Bad Breath Home Secrets That Don't Work

By: Darren Wumoult..

There is a collection of myths ('urban legends') surrounding the causes and cures of halitosis; some of these myths are based on partial facts and some are based on misunderstandings of the facts. Following are five popular myths, explained and, in some cases debunked.

1. The first of these misconceptions is that most people believe they can easily know if they ever have bad breath. Unfortunately, the truth is that most of the time, other people will notice your bad breath before you even realize that you have it. Most people test the freshness of their breath by breathing on their hands. You might have even tried it yourself. Sorry to say, this technique doesn't work half of the time.

There are three sure ways to determine whether your breath stinks or not. Going to the dentist is an option but understandably, not many people like this technique. Alternatively, you can ask your friends if they are reliable enough to be frank about it. Or you can always do it yourself. Take a small teaspoon and scrape the furthest part of your tongue with the hollow part. Let it dry for a few minutes and smell it. If you do have bad breath, the foul odor left on the spoon will be unmistakable.

2. Bad breath comes from the intestines. True and false, but mostly false. While it is possible that bad breath can stem from digestive disorders, it is more commonly a result of leftover food particles stuck in the crevices of your mouth due to irregular brushing and failure to floss everyday.

3. The third misconception about bad breath is that it can easily be eliminated if you brush and floss. Well, yes, if you do these activities the right way. Not many people are well-informed about the right ways to brush and floss, probably because not many people visit their dentists regularly anymore. The purpose of brushing and flossing is to rid the mouth of extra food particles after eating. Because of this, it is ideal to brush after each time you eat, and floss at least once a day. As this is not feasible for most of us, brushing twice a day is generally recommended by oral hygienists. What most people don't know is that after brushing, they also need to clean their tongue and gums, since these can also have food particles that can be a great breeding ground for oral bacteria.

4. Bad breath can be eliminated by using a mouthwash. False. According to most advertisements, you will have fresh breath just by using a mouthwash. Unfortunately, these dental products only give a temporary solution to your halitosis problem. Some of them can even aggravate the problem in the long run. If you want to completely eliminate the problem of bad breath, you should practice good dental hygiene, eat foods rich in fiber and drink plenty of water everyday.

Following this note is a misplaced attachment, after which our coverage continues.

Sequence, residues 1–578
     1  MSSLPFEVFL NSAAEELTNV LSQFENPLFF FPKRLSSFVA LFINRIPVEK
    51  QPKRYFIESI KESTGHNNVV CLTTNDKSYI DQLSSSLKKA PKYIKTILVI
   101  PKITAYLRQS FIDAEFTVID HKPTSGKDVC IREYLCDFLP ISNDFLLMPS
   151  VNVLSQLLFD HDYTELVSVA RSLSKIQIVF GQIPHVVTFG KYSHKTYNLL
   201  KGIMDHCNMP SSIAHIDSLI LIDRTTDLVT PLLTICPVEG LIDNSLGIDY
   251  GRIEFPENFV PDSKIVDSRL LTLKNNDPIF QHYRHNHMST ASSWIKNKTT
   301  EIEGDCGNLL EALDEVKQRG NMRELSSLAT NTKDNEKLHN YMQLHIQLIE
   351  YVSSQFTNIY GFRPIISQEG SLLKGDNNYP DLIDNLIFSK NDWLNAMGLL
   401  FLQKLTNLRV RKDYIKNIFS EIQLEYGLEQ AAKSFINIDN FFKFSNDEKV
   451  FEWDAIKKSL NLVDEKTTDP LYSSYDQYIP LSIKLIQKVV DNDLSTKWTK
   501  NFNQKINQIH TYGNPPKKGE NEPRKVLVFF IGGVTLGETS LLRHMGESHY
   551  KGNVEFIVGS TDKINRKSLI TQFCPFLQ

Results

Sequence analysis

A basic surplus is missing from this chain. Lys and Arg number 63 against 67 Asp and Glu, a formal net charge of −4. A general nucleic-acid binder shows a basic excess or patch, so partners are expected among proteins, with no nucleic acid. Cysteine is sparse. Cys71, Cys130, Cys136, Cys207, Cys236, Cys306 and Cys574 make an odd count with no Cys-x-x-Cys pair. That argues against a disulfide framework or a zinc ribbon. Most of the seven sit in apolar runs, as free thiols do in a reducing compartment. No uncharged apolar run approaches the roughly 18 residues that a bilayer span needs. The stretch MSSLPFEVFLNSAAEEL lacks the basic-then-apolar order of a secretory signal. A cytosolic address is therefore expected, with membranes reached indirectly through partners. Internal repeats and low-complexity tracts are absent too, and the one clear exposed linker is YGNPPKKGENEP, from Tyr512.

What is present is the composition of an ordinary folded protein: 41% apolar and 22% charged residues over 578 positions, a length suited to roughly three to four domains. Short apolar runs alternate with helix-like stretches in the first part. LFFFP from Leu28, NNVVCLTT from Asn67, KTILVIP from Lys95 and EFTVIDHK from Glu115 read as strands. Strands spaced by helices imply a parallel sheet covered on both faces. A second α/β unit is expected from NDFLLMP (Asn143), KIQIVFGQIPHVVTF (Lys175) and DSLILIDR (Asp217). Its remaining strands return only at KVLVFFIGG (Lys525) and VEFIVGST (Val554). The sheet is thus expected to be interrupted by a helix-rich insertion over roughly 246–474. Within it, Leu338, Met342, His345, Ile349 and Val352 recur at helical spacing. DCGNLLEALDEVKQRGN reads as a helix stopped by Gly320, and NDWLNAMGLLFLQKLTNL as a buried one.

Bad breath usually comes from the oral bacteria that have accumulated in the mouth. They feed on the microscopic leftover food particles stuck in between the teeth or resting on the surface of your tongue. In the process of breaking down the proteins in the food particles, these bacteria emit the sulfuric substance that reeks of rotten eggs.

When purchasing a mouthwash, you can consider the products that contain chlorine dioxide. These will not dry up your mouth and are very effective in masking the foul odor released by certain oral bacteria, at least on a short term basis.

NOTE: According to the makers of "ProFresh Oral Rinse," their mouthwash is the "only" mouthwash on the market that actually contains chlorine dioxide, because they claim to have a patent that states that they have the exclusive right to use that chemical in a mouthwash. According to their literature, all other mouthwashes use 'stabilized chlorine dioxide' which is actually 'sodium chlorite,' a chemical used in the manufacture of chlorine dioxide. You be the judge! Manufacturers can "claim" anything, all that matters is which one works best for you!

5. Finally, most people believe that bad breath comes from the types of foot that we consume. You're probably familiar with breath that smells like onions or garlic or cabbage. These are definitely some of the foods that can leave a pungent odor in the mouth. However, the stinky smell caused by these foods is only temporary. Unless you have digestive illnesses or gum disease or some other possible cause of halitosis, the bad breath resulting from eating these foods will eventually disappear. But if you do have some digestive problems, your bad breath might be coming from inside your stomach or intestines and will entail more intensive treatment than simply brushing your teeth three times a day.

Chronic cases of bad breath are not generally caused by this digestive process unless our regular diet consists of many high-sulfur foods (or if you are actually on a diet that is starving your system of carbohydrates). Instead, chronic bad breath results when bacteria in the mouth break down left over food particles creating odorous sulfur particles -- in other words, poor oral hygiene. Brush thoroughly twice a day, floss once or twice a day, clean your tongue with a tongue cleaner (tongue scraper) once or twice a day, and eat a balanced diet; this combination is the 'magic bullet' for the vast majority of bad breath cases.

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